Summary: A model for polyandry in oaks via female choice:
a rigged lottery
Kathleen J. Craft, Joel S. Brown, Antonio J. Golubski
and Mary V. Ashley
Department of Biological Sciences, University of Illinois at Chicago, Chicago, Illinois, USA
Questions: Why do oaks produce surplus ovules and abort fertilized embryos? How do
remote stands of oaks have such genetically diverse offspring?
Mathematical methods: Two-phase weighted lottery held in each female flower. Pollen clouds
are modelled using one of two different functions to relate each father's representation among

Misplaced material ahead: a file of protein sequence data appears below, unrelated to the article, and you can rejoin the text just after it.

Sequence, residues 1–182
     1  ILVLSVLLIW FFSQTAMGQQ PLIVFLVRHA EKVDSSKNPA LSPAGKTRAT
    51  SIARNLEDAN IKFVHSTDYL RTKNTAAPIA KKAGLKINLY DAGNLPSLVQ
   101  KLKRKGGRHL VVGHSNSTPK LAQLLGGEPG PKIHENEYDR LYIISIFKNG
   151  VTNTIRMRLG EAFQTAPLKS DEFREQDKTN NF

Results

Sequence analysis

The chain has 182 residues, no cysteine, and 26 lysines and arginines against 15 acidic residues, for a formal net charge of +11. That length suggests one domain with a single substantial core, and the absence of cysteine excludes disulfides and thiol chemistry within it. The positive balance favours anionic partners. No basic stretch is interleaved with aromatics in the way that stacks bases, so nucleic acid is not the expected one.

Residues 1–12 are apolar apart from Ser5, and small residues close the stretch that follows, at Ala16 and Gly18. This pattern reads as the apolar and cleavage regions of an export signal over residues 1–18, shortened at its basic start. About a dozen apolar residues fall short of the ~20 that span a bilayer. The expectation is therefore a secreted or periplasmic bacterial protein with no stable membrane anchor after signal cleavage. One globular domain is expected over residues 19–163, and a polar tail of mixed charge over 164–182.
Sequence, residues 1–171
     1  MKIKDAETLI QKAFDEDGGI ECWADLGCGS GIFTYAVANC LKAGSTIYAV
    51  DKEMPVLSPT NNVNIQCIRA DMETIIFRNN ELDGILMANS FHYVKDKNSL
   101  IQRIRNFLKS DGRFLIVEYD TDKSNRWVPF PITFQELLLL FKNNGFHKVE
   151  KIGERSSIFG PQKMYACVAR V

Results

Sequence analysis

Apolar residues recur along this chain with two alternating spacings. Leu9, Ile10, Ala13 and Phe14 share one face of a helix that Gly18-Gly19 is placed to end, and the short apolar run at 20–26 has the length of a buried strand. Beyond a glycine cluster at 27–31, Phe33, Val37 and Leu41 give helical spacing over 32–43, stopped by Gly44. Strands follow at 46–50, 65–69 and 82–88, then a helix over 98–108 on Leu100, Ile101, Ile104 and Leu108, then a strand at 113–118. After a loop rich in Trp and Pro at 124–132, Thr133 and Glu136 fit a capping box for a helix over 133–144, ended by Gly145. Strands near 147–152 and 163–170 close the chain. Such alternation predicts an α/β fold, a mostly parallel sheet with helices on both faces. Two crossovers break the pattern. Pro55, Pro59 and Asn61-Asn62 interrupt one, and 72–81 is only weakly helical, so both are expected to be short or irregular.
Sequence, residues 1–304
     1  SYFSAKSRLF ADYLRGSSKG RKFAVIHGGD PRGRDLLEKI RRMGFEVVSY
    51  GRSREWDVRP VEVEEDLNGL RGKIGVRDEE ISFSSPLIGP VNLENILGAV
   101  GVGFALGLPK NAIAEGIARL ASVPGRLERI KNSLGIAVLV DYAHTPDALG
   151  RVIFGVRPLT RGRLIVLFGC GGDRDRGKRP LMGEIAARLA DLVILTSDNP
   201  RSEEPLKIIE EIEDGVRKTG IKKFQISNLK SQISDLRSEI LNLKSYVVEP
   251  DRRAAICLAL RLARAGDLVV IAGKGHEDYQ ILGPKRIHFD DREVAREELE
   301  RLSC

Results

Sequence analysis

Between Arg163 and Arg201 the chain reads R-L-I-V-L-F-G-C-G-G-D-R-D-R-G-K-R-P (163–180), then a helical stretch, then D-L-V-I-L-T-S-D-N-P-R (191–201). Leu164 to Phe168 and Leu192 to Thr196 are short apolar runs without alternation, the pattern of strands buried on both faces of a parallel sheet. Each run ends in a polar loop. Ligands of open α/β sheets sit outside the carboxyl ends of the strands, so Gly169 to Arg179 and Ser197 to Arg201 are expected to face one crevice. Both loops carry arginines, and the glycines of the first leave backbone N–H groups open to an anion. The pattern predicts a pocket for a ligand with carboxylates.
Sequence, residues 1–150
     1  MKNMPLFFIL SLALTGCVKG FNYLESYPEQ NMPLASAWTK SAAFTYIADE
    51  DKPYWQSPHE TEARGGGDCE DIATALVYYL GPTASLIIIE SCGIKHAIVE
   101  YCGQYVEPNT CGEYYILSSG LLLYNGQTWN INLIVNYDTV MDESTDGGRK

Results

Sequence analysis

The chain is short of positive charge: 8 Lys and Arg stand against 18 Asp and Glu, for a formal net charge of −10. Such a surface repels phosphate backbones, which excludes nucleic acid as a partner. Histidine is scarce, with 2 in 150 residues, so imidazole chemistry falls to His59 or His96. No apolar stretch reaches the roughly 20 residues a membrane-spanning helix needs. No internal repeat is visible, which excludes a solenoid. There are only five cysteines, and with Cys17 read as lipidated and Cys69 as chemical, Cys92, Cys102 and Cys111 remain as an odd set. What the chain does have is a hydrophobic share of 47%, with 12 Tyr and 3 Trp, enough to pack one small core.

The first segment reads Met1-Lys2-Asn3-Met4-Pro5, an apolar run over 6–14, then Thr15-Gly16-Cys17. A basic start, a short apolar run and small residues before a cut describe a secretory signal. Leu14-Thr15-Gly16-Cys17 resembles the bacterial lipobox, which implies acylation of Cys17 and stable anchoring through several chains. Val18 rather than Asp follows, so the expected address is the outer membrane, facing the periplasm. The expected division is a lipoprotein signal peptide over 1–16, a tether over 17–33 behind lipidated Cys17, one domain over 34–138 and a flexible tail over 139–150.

the pollen pool at a maternal tree to its distance from the maternal tree.
Key assumptions: Flowers act independently of each other. All ovules of each flower are
fertilized. One embryo matures to become an acorn and all other embryos are aborted. Lottery
#1 is based solely on each `father's' geographic distance from each maternal tree. Closer fathers
have a higher chance of fertilizing an ovule and winning the first lottery. Lottery #2 is based on
maternal choice. Female flowers selectively abort embryos fertilized by `common' fathers.
`Common' fathers are those that are over-represented among each flower's embryos.
Predictions: Offspring diversity is maximized at an intermediate number of ovules. The
number and distribution of fathers in the pollen cloud affect how many ovules are necessary to